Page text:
The data set isn’t a panacea. Kaiser-Permanente’s service areas tend to be more urban than the country as a whole, which means its patient base skews more diverse. And even with 12.2 million patients, the data set isn’t always large enough to render statistically significant insights into specific categories of patients, such as those with certain rare diseases. Bauck also noted that sometimes healthcare studies require nonmedical data that don’t make it into health records.
“For example, to get a complete picture of a person’s total health, researchers may need to consider not only healthcare interactions and claims information — which Kaiser Permanente captures well — but also factors such as socioeconomic variables, personal behaviors and genomics,” Bauck said.
In those instances, the center sometimes uses data from the U.S. Census Bureau or patient-reported socioeconomic data.
Because of the size of Kaiser-Permanente’s healthcare network, the company’s research center has some of the same data availability advantages as foreign countries with single-payer or socialized healthcare. In fact, Bauck noted, Kaiser-Permanente has the world’s largest nongovernmental electronic health system.
Those rich data sets make it easier for researchers in other countries to track large cohorts of patients over time and to get more comprehensive snapshots of the overall population.
Still, Dieleman said, even single-payer systems don’t offer a perfect solution to healthcare data.
“The difference is that in countries where there is a single-payer system, those data are closer (although still not perfectly representative of health services),” he said. “For example, (the National Health Service) in the (United Kingdom) only includes about 80 percent of total healthcare spending.”
Other countries also tend to protect their data in a manner like that of U.S. commercial insurers, with barriers like lengthy applications and high costs. Still, researchers in those countries can at least know that breaking through the barrier of one provider — the government — will unlock a high percentage of healthcare data.
Back in the U.S., a number of efforts have been made over the years to improve data accessibility.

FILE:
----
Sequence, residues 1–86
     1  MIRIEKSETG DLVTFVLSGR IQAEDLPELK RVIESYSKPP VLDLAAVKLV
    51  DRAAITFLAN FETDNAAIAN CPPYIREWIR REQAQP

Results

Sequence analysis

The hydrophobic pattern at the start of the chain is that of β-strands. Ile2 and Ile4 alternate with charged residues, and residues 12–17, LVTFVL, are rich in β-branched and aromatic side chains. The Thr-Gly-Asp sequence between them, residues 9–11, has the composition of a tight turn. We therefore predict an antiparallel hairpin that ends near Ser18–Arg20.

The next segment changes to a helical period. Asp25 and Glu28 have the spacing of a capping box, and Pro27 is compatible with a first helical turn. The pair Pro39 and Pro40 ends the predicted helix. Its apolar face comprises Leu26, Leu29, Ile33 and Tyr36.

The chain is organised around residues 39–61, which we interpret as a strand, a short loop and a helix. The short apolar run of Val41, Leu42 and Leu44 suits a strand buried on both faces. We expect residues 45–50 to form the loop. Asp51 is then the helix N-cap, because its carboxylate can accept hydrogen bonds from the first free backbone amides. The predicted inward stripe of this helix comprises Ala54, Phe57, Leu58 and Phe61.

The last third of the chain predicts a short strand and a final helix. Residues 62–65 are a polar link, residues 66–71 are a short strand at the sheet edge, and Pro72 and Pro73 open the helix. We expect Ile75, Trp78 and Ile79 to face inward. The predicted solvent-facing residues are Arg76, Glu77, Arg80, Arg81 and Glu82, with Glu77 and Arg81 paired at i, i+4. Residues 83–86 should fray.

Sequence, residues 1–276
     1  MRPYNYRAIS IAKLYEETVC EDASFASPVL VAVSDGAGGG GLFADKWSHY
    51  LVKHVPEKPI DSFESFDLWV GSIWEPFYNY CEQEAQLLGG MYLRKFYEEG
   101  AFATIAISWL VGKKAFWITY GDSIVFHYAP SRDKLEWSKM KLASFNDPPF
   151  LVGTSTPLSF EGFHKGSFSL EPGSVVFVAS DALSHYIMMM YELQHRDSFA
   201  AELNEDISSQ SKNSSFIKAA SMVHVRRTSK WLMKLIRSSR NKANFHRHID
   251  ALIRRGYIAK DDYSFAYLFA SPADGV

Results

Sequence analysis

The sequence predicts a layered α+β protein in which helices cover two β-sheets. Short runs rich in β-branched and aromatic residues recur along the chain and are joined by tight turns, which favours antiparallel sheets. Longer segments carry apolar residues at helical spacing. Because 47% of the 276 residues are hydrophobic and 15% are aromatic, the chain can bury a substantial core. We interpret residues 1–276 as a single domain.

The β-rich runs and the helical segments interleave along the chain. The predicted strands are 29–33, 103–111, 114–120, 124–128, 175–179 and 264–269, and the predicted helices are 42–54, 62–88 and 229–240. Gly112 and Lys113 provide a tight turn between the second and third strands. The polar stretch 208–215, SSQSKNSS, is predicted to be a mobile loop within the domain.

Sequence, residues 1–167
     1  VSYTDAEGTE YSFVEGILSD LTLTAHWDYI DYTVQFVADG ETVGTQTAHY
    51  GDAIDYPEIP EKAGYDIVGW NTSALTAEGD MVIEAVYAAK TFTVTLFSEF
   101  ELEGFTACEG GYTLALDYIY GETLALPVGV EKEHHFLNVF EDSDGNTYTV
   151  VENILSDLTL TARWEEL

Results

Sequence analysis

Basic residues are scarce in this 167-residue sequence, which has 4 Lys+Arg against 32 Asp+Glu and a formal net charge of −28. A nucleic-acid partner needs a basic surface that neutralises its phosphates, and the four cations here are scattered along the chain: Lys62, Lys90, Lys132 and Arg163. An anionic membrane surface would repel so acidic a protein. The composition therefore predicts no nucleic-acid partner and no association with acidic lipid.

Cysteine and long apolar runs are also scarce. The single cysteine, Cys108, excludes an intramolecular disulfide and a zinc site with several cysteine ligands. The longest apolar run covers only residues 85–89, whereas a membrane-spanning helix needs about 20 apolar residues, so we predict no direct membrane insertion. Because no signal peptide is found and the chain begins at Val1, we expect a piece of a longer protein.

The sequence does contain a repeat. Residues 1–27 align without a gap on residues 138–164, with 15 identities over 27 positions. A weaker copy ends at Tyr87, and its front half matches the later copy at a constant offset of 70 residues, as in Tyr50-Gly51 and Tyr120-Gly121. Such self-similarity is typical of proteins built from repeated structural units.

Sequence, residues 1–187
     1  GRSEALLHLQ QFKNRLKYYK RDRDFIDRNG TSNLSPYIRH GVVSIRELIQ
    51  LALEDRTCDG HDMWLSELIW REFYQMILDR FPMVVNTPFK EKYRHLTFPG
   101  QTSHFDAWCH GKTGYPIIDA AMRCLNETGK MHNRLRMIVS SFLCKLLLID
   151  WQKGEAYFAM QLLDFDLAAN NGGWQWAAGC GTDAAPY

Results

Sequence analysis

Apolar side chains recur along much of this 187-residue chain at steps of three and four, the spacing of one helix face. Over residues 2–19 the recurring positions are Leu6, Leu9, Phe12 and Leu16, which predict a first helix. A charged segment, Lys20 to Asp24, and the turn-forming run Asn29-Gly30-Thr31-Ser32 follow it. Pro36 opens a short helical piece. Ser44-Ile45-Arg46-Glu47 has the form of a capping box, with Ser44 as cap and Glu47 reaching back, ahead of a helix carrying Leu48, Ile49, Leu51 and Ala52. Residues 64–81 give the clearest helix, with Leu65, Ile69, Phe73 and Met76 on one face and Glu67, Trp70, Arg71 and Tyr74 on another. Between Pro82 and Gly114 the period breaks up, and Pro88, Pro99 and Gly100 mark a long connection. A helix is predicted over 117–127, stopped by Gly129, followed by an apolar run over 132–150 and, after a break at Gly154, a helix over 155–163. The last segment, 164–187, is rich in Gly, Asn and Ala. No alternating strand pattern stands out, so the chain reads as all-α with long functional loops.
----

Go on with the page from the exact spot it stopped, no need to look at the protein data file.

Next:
“There have been some attempts to provide a central repository, such as the All Payer Claims Databases (APCDs) that exist through regulation in some states (but not all), and most APCDs limit data use for researchers and charge for that use,” Krause said. “Some private entities have also attempted to aggregate commercial claims data from select payers, but data use to researchers is limited and costly.”
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Earlier this year, CMS Administrator Seema Verma, MPH, announced that the government would begin making certain healthcare data more readily available to researchers. That effort will begin with Medicare Advantage data. Next year, the agency will make Medicaid and Children’s Health Insurance Program data available, a move that could solve the problem of inconsistency in state data release policies.
In the meantime, experts who specialize in analyzing healthcare data keep scraping together as much data they can find, even as they add more items to their wish lists.
In Texas, Krause’s center has pulled together data from Medicare and Medicaid and most of the state’s commercial insurers, including Blue Cross Blue Shield.
“We believe that this allows us to provide an accurate analysis of the insured persons in the state,” Krause said.
The caveat is that because her team doesn’t have data from the VA, from Tricare, a military insurance program, or on the uninsured population, it can’t include those populations in its findings.
Krause said she would like to see Texas create an APCD requirement to help fill the gaps. That, at least, would create a comprehensive state-level data set.
“If we did, UTHealth could lead the way and apply our policies for data access to qualified researchers and also be able to use it to inform policymakers in our great state,” she said.
At the top of Dieleman’s wish list are more robust data.
“My dream data set is nationally representative claims data that (are) linked to information about an individual’s behaviors (smoking, exercise, diet, health seeking behavior, etc.) as well as other information about income, education, race and geography,” he said.
Meanwhile, Bauck, whose perch at Kaiser Permanente gives him access to some of the most robust commercial claims data of any research center, said even with great data, the goal of improving healthcare is possible only if the techniques used to analyze and reap insights from the data continue to improve.
“For us, the challenge is not necessarily acquiring new data but continually enhancing the way we utilize available data to find new answers and solutions that will ultimately improve health outcomes and healthcare delivery at Kaiser Permanente and beyond,” he said.